This is for all the victims of the world, all the people like me: we were not born with cancer, but it still chose us. You can be young or old, it still picks you. I had lung cancer at first, at the end of 2015. The hospital, Boston Medical Center, wanted to take a piece of my lung. I said no and instead took 35 days of radiation, nine days of chemo and one hour of fluid five days a week. People told me these treatments drain them, but it actually gave me more energy, because I’m a fighter.
My mother died of cancer. My father died of lung cancer. My sister died three and half years ago — she had colon cancer. She was a nurse at Brigham and Women’s for 20 years.
I was diagnosed with liver cancer one month ago. The doctor came to me with tears in her eyes after taking my blood and said “you have three or four weeks to live.” But I might be able to live one or two years longer thanks to a follow up.
I’m going through this alone, just me and God. But at least I’m back in Dorchester, where I grew up. All the time I see people that know me. They were little when I grew up. One guy remembers that when he was little, he got lost and I helped him find his way home.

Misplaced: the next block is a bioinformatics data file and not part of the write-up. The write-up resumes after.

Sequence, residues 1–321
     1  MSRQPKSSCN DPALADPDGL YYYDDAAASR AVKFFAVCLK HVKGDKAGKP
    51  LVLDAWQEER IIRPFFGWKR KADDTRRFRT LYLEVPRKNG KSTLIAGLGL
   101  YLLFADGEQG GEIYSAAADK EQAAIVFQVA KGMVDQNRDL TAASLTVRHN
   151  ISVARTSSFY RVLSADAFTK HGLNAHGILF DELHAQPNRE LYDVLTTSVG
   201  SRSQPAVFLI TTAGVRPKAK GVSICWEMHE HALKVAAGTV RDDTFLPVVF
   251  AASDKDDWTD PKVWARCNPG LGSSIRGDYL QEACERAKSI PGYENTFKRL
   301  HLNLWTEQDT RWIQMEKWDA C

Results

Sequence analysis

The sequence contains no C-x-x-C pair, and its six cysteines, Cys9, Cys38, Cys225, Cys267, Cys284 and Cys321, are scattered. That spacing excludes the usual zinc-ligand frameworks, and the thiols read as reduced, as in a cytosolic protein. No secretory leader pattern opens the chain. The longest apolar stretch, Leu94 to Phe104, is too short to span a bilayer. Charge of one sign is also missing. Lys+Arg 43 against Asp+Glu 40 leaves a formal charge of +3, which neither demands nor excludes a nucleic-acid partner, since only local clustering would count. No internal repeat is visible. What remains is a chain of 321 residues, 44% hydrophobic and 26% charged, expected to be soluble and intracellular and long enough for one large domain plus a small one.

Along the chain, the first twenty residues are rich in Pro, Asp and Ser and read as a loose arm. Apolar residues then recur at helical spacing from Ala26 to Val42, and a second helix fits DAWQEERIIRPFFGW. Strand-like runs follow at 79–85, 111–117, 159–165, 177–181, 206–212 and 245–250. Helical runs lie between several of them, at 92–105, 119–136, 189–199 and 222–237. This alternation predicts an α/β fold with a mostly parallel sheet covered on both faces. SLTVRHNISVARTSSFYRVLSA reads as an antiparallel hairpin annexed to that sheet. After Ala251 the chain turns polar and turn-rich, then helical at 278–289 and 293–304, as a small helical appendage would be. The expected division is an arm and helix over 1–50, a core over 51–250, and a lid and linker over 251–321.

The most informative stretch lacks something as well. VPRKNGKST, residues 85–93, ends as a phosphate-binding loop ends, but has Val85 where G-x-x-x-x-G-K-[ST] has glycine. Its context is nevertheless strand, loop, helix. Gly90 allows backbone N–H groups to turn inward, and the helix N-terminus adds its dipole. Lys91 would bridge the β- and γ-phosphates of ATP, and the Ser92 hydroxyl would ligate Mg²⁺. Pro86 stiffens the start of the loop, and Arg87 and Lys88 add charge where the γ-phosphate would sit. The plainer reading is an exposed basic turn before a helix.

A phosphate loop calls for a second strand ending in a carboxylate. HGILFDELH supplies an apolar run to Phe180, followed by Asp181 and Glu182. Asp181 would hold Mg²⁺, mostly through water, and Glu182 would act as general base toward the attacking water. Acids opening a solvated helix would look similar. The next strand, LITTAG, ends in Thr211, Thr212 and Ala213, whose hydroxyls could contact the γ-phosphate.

As a kid in Dorchester, it was like I grew up five different ways. First, there was my aunt, a schoolteacher. She taught me right from wrong. There was a local preacher, Rev. Samuel Anderson. I was like a son to him, and when he preached, his voice went right through you. I helped the Black Panther Party back in 1978, and was under their arm. My cousin was a Vietnam vet who taught me how to block and punch at the same time. There was even a Black mafia guy, always told me “if anybody bothers you, point him out and I’ll do the rest.”
People are glad to see me, especially my customers. They always ask if they can get me anything. I ask for coffee or a sub, they go and bring it back. I’m still selling Spare Change News in Center Street in JP, sitting on my crates as usual.